Military Personnel Have Greater Risk Factors for Cutaneous Cancer

military soldier
Soldiers lining up for the annual New York City Veterans Day Parade
Significant risk factors for developing cutaneous cancer in active-duty military personnel was explored and compared with that of the general population.

Military personnel may have a higher prevalence of risk factors for cutaneous skin cancers compared with the general population, including older age, fairer skin type, greater sunburn history, family history of skin cancers, and a greater number of dark moles on the arm, according to a study in Dermatology Therapy.

The study included 200 active-duty military personnel and students of a military academy. In addition, 1000 people not affiliated with the military were randomly selected from the general population and were included as a control group. The mean ages of participants in the control and military personnel groups were 35 years and 46 years, respectively.

All 1200 participants completed a questionnaire about participants’ age and height, skin type, sun exposure history, tanning habits,  time to achieve a sunburn without sunscreen, number of moles on the upper extremity, number of coffees consumed per day, working conditions, and hereditary risks for skin cancer.

In the military group, there was a non-melanoma skin cancer (NMSC) prevalence of 1.5% and a melanoma history prevalence of 1%. In contrast, the prevalence of NMSC was 0.8% in the control group. There were no cases of previous melanoma reported in these participants.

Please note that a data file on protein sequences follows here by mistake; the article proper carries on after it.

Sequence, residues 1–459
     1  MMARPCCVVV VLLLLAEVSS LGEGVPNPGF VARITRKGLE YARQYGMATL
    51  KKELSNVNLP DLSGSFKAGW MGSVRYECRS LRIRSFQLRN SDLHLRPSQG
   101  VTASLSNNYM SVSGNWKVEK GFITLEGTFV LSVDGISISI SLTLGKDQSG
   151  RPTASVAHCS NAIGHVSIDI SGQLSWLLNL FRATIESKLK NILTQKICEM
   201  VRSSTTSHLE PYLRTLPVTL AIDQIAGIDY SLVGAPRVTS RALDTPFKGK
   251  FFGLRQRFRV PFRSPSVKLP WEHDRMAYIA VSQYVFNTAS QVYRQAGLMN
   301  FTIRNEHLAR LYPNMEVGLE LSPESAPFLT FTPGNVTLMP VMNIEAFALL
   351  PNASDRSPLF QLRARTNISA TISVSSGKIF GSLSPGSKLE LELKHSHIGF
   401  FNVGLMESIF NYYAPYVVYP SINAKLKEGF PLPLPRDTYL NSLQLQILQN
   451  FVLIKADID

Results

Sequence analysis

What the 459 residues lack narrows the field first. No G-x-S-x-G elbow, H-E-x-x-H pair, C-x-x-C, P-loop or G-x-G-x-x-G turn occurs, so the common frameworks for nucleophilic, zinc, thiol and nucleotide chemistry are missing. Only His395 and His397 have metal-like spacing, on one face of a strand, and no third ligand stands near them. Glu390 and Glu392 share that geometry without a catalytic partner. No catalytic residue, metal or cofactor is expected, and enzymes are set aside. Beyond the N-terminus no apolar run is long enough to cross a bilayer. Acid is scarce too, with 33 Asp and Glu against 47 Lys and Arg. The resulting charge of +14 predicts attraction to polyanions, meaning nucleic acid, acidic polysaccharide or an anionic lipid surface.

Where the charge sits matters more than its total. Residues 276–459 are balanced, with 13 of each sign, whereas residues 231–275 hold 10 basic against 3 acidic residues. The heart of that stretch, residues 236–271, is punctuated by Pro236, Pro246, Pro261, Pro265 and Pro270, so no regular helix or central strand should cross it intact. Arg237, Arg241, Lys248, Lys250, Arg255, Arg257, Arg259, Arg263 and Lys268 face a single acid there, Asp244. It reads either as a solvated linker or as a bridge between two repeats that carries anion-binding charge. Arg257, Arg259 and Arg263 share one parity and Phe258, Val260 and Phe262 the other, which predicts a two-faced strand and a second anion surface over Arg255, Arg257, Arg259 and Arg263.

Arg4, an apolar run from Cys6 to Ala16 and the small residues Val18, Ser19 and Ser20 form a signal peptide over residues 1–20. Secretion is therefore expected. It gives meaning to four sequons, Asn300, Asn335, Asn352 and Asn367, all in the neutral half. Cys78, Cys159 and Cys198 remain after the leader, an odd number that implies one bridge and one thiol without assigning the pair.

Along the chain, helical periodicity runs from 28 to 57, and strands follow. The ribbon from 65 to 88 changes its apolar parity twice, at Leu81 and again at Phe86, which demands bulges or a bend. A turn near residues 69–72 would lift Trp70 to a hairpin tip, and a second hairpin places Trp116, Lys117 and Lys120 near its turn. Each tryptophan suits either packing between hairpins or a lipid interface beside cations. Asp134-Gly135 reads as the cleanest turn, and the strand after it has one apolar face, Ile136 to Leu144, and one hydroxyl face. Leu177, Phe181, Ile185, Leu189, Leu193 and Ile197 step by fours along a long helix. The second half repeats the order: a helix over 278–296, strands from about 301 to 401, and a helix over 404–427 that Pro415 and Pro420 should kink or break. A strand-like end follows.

The significant risk factors for NMSC in the general population included age greater than50 years (P =.0004) and body mass index greater than 25 (P =.028). Risk factors associated with NMSC in the military group included age greater than 50 years (P =.048), sunburn during childhood (P =.041), and family history of skin cancer (P =.025).

In the military personnel group, risk factors for melanoma included having a fair skin phenotype and having more than 20 dark moles on the arms (P =.001). Consumption of more than 2 coffees per day was considered a protective factor against skin cancer in these participants (P =.046).

A limitation of this study was its questionnaire, which the investigators said did not explore participants’ general knowledge and awareness of skin cancer and protective behaviors.

The investigators of this study suggest that their “data should guide us to prepare prevention and early detection strategies in this group.” They also noted that an interesting finding of their study was the protective factor of coffee consumption against melanoma, and suggested that this be further explored.


Durmishi A, Fida M, Hoxha S, et al. Are military personnel at a more risk for skin cancers? Published online September 25, 2020. Dermatol Ther. doi:10.1111/dth.14340